Today was spent almost entirely without Turks (except for our tour guide).  Most of the afternoon we spent alone, jumping across beautiful rock formations in which Cappadocians carved out homes a thousand years ago - it is like a scene from a Spaghetti Western on Mars here.  No sounds, just flies humming and the sound of rock falling somewhere, and the occasional call to prayer that bursts out across the country over loudspeakers five times a day.  Then we went shopping.  "Supporting the arts," my brother calls it - a large man-made cave where they make world-famous pottery.  The work is beautiful, and the cave is full of European tourists.  The nice man (everything here seems run by men; women are often working at a table behind them or pictured in photos on the wall as rural folk who have been given resources to produce the goods the men sell) showed us around a bit and talked about the fascinating history of miniature painting.  Then we entered the storeroom where we spent at least two hours laboring over what plates to buy, how much is too much to spend, what colors look best in the bathroom, haggling haggling haggling.  A relationship that had begun as friendly, informative and jovial, ended in jockeying over prices (plates start at around $300, and can be in the thousands).  I could see sweat breaking out on my dad's forehead.  My mom had already maxed out her credit card and had her entire purse stolen the day before.  Can we get the price down to 800?  My brother offers to thrown in 500 Turkish Lira in cash.  Can we do it, without shipping, for 900?  My dad groans.  I leave the room for the 3rd time; I feel so shitty.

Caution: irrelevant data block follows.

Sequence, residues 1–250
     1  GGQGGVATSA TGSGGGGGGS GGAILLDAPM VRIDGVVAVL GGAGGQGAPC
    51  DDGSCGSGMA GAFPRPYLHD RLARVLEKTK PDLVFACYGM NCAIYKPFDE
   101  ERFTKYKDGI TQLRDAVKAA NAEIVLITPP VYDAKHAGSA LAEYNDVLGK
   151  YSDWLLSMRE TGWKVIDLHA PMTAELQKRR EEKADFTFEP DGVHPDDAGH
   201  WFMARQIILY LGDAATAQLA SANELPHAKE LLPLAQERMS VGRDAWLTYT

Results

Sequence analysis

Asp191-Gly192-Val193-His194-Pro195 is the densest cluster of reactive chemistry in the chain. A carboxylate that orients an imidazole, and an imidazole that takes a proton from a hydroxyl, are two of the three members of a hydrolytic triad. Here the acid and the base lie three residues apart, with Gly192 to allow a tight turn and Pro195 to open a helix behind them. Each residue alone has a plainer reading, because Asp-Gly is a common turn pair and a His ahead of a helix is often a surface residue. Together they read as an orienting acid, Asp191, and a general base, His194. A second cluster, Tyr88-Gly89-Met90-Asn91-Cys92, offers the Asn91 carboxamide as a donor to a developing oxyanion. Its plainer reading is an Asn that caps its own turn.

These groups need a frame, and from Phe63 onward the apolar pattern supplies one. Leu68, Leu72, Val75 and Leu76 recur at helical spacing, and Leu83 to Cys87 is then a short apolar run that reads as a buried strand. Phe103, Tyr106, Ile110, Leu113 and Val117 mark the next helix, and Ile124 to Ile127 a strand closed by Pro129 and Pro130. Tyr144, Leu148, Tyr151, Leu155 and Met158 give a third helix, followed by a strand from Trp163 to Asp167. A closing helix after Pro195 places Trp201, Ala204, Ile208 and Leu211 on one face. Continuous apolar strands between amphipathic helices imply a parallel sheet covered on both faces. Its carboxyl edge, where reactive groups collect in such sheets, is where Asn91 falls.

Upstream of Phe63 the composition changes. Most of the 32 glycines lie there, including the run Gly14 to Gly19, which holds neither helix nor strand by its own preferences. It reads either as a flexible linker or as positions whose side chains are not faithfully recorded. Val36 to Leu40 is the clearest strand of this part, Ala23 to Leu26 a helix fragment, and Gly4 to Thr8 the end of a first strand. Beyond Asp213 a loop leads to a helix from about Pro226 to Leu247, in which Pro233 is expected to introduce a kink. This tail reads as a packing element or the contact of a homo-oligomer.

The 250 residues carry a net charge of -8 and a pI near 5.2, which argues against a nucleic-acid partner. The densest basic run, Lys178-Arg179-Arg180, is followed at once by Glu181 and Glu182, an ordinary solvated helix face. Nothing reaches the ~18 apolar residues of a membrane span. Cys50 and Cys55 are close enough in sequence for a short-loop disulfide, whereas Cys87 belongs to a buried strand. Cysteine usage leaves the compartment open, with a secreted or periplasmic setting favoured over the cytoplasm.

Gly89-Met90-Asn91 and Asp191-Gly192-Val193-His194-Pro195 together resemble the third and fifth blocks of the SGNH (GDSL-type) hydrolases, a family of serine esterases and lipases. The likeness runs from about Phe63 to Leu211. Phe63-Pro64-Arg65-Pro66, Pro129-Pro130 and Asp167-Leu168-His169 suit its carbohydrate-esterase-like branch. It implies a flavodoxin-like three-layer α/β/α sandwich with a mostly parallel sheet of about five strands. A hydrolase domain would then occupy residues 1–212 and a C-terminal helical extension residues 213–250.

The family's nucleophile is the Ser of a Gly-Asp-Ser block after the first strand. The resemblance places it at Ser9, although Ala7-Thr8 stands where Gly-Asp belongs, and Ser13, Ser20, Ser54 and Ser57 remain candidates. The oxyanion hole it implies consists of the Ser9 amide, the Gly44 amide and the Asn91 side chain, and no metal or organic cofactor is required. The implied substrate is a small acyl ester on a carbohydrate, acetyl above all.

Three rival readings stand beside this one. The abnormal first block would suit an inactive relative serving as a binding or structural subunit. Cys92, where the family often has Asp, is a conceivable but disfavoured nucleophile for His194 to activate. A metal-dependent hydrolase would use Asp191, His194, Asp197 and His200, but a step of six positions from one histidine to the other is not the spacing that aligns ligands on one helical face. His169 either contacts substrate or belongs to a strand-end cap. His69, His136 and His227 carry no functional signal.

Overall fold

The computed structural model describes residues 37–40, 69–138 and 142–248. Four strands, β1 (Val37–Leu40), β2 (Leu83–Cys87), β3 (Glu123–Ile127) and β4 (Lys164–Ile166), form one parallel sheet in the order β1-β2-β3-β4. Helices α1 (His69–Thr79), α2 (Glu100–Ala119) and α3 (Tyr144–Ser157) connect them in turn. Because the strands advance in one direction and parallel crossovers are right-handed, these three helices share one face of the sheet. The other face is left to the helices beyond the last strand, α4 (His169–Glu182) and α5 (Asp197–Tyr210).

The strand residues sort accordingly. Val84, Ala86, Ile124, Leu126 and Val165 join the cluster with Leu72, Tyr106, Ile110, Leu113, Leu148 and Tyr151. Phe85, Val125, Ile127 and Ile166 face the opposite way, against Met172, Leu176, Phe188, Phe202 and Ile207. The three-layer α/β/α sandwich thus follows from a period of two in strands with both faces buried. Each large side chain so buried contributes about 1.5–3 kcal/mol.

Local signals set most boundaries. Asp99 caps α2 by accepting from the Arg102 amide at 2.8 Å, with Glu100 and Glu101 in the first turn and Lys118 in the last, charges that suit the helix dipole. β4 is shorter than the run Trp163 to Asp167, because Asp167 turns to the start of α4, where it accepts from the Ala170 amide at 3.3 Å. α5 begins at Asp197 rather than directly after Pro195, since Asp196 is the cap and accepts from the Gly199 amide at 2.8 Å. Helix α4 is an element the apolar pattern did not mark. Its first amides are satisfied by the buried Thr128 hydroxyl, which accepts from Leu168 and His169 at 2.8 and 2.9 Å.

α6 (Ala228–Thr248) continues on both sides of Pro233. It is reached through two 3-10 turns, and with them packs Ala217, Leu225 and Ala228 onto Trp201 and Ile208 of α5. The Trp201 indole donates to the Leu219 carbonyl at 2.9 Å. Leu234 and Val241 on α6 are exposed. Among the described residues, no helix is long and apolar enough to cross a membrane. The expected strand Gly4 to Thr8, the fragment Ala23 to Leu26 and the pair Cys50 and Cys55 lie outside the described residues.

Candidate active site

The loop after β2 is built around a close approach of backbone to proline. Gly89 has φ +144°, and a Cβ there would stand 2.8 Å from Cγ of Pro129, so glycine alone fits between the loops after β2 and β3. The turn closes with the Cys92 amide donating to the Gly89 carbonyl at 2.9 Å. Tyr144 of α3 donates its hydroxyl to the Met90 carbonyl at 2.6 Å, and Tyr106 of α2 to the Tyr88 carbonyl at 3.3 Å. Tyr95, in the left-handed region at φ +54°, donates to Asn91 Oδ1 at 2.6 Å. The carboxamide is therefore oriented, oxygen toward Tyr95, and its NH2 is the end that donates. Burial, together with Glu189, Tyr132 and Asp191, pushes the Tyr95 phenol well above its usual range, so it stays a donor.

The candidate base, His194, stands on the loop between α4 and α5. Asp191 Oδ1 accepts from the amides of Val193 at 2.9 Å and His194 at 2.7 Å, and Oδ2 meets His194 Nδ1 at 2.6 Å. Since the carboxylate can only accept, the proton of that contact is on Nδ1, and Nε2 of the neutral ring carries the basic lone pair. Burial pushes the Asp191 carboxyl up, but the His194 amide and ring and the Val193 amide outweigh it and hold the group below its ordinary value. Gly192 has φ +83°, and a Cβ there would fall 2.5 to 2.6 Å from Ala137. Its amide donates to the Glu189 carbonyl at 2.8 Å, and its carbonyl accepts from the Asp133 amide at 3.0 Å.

Back in the car, after it is over, everyone looks at what everyone else purchased and proceeds to distractedly follow their script:  "It's beautiful.  How much was it?  ...Oh, you did great."  I remember this from West Africa with my parents.  This pleasure in the haggle, the joy of knowing you got one over on the local and you got a beautiful piece of craft.  And, ultimately, these plates (or gloves or carpets or tin works) are generally finely made and your patronage is what sustains their making.  That is to say that in many places where tourism takes up a huge amount of space in the country's economy, traditional fine craftsmanship is kept alive through its wholesale to foreigners - often the same foreigners whose ancestors colonized the ancestors of the traditional artists, and even more often whose ability to travel and tour and buy is predicated by wealth that comes from a history of exploiting the artists' people.  In globalized capitalism, nothing is worth anything if it doesn't make money.  Laboriously hand-crafted and highly decorative traditional items need to make money, too.  People still gotta eat.*

Tomorrow we go in a hot air balloon ride we cannot afford.  My mom and dad didn't understand the brochure and thought it was in dollars, not euros.  We have offended the guide taking us up by trying to get out of the commitment.  So we will go up, and have a good time, and be together, and it will be about being together.  We will be half way across the world, in a thousand dollar balloon ride, together.
I'll keep ya'll posted.  

*for more on notions of tourism, capitalism, colonialism, and traditional practices, check out chaska's entry on shaman practices in peru, where millions of white people come each year to have a cathartic spiritual experience.


chaska said...

Yo! we are totally on the same wavelength!!!

aurora said...

thanks for the post card. i'm so happy you are blogging. <3

Dana May said...

Wow, these are the exact same issues im grappling with traveling in italy with my folks! We will have to talk more about it at grdc. My travel blog is